On NDP5’s promise of 250,000 jobs

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The Fifth National Development Plan (NDP5), launched by President Hage Geingob on Wednesday and which targets to create 250,000 jobs in the next five years, raises serious economic questions than it provides the necessary answers on how it will exactly achieve those goals.

In simple terms, the Namibian government intends to, despite various structural and institutional headwinds, ambitiously create 50,000 jobs per year with an annual capital budget of N$32 billion (N$164 billion for entire program) over a period of five years through the implementation of 171 development projects.

This bold goal should be applauded with all sincerity. However, the dismal economic reality on the ground unfortunately dictates otherwise, especially based on the historic performance of the previous NDPs coupled with the failed large-scaled state intervention attempts in the economy, hence the current socio-economic realities such as the ever-increasing high unemployment level.

To successfully reverse these abovementioned negative trends will need going ahead with realistic indigenous ownership and control of key economic minerals and sectors that can enable the country to seriously have a direct influence on its destiny, which is unfortunately lacking.

In the absence of that, the status quo of government being the elephant in the room will in conjunction with those having the necessary financial means continue to have an economic advantage to the disadvantage of the majority.

With that said, NDP5, built upon the guiding principles of NDP4, is in its current form very vague and too general with no clear economic implementation strategies on how those targets will be achieved. NDP5, although not critically assessed and analyzed at this stage, will further in my opinion maintain the status quo of the Namibian government being a significant and major economic player, a situation which will continue to create a strong reliance and dependency syndrome on the state. This is neither healthy nor conducive to the long-term socio-economic development goals of the country.

However, in order to move forward, a careful but serious re-evaluation of the successes and challenges of NDP4 needs to be critically undertaken upon which a realistic basis and methodology can be established to enable the Namibian government and other relevant stakeholders to carefully estimate what can possibly be realistically achieved for the future.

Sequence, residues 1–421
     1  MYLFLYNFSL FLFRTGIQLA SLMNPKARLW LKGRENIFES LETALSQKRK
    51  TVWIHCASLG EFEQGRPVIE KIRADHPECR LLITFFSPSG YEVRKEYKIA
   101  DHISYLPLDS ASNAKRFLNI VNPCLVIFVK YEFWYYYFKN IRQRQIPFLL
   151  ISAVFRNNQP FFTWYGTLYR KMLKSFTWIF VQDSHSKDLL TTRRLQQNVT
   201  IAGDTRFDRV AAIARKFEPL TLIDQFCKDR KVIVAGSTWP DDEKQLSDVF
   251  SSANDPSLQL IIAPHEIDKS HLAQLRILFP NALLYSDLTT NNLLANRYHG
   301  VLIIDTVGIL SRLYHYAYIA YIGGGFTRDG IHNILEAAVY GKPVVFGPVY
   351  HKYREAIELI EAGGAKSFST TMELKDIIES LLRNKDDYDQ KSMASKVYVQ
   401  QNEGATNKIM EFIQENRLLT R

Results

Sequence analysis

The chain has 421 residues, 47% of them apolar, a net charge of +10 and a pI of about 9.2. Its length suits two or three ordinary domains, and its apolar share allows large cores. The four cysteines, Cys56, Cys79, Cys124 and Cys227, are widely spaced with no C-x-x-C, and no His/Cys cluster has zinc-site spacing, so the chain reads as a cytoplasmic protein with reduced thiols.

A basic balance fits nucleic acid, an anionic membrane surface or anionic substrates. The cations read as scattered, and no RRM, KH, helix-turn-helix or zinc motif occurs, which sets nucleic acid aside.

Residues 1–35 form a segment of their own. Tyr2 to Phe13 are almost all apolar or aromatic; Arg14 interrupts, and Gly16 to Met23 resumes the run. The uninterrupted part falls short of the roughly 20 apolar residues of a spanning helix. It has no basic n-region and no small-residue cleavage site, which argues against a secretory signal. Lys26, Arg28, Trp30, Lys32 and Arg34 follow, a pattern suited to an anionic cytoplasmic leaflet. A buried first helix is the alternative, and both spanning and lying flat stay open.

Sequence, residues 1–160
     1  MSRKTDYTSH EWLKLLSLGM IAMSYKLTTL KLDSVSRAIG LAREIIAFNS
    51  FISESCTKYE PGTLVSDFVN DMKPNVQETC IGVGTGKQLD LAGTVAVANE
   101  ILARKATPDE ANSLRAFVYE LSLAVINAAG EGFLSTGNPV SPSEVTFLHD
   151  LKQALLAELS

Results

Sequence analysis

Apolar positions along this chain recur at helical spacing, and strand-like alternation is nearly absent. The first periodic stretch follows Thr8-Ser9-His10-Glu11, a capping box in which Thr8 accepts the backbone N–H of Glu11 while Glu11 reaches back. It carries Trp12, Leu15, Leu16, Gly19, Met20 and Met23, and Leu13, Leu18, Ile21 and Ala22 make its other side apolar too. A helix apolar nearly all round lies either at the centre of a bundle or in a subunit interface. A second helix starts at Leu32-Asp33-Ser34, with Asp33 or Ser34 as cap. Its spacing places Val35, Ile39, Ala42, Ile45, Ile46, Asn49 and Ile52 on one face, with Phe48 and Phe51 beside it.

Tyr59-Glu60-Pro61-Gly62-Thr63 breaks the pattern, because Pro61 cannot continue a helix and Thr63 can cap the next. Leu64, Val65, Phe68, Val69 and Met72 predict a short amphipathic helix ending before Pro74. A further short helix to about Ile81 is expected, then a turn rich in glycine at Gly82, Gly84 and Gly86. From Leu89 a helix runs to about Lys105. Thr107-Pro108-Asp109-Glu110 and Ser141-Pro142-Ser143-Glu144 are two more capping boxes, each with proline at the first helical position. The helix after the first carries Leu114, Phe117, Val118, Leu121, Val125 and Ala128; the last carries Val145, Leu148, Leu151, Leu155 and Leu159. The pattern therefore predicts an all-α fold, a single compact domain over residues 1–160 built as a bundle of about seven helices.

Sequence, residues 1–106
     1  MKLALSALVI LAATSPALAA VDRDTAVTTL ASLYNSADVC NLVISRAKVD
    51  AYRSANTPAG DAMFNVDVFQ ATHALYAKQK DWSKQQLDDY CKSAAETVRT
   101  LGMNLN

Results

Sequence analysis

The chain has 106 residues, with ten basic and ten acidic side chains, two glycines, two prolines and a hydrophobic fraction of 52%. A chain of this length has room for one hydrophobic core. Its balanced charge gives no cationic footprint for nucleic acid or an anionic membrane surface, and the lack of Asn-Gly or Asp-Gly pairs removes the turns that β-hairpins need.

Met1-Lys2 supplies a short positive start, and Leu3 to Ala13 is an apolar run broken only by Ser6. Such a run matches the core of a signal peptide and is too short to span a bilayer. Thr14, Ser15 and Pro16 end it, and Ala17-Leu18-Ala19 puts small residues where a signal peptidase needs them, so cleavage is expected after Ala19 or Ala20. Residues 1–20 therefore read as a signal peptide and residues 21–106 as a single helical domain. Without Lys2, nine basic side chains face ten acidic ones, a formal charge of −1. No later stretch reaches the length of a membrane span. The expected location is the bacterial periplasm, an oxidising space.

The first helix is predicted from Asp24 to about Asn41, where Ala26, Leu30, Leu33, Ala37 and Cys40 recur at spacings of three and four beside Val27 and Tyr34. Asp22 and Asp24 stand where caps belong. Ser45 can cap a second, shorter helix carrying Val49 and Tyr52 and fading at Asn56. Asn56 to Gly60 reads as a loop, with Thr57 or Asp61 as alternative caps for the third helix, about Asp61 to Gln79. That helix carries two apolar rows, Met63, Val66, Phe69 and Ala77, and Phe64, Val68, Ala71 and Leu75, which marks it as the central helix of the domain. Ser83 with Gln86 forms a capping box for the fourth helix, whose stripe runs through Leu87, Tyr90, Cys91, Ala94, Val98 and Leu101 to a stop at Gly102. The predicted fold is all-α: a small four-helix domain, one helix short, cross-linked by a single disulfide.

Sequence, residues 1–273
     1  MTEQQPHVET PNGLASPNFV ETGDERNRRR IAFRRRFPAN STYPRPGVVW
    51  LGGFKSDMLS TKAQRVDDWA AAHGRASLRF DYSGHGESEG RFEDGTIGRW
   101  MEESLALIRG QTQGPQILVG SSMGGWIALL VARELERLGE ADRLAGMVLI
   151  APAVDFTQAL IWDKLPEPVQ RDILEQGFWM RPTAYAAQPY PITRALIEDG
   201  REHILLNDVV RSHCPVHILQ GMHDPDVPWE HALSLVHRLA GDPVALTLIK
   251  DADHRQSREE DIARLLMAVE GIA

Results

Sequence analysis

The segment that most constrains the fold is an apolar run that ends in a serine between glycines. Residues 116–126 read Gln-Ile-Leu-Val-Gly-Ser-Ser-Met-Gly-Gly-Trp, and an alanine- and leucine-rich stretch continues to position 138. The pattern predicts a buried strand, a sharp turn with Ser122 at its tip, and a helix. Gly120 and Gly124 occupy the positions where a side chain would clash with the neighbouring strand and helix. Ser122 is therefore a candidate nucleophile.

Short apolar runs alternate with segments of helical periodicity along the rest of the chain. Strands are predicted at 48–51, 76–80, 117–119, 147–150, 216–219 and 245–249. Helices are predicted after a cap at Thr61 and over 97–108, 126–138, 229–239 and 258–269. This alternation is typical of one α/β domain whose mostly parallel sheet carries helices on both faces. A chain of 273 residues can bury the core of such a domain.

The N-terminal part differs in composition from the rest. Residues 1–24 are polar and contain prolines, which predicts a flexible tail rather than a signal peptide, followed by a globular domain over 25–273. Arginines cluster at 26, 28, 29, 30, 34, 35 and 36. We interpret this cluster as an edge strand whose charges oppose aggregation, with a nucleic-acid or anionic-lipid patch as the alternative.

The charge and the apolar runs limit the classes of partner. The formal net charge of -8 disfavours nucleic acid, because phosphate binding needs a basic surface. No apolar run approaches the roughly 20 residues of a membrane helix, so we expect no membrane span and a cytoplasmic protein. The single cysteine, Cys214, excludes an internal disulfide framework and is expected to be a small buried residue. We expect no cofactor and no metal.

Otherwise, these kinds of forecasts create unexpected false expectations which are not realistically backed up with any sensible economic data or developments.

In this regard and to compare NDP4’s relative performance to the anticipated goals of NDP5, NDP4, despite it being streamlined with fewer economic development goals of achieving a high and sustained economic growth rate, increased employment creation and improved income equality, still nevertheless came short of achieving those desired goals which at this point does not augur well to suddenly expect NDP5 to overperform in a more challenging and depressing economic environment.

The basic enablers to achieving NDP4 were further to create an enabling institutional environment which is still a major challenge, to improve education and skill development, to reduce extreme poverty and public infrastructure which unfortunately all came across headwinds due to significant government budgetary cuts to such an extent that priority development planning should going forward be guided with realistic national development goals and expectations.

Therefore and as a reference point going forward, the economic dynamics of the country have over the last two years or so significantly changed to such an extent that the environment is witnessing, among others, negative socio-economic development trends in terms of massive job retrenchments in key economic sectors such as in the construction, fishing, retail, logistics, tourism and mining sectors.

These negative socio-economic developments can be attributed to the depressing massive government budgetary cuts and spending patterns, which to a large extent have somehow stagnated the economy, resulting in a much less cash flow circulation.

With that in mind, Namibia is with all honesty going through a huge cash flow crunch with no clear and realistic economic solutions in sight, which is unfortunately affecting the abovementioned key economic sectors with dire social consequences.

With that said, the target of government to create 50,000 jobs per year under these extremely trying economic times going forward does not at this stage make any economic sense and should further be interrogated by all concerned. I should however clearly state at this juncture that it is not at all impossible to achieve these bold targets provided that the necessary large-scale structural and radical economic reform policies are devised coupled with the tactical but effective implementation drive which at this stage are unfortunately not visible.

It is however important with all the available economic data and growth forecasts to give NDP5 the benefit of the doubt.

• Pendapala Hangala is a Namibian socio-economist.

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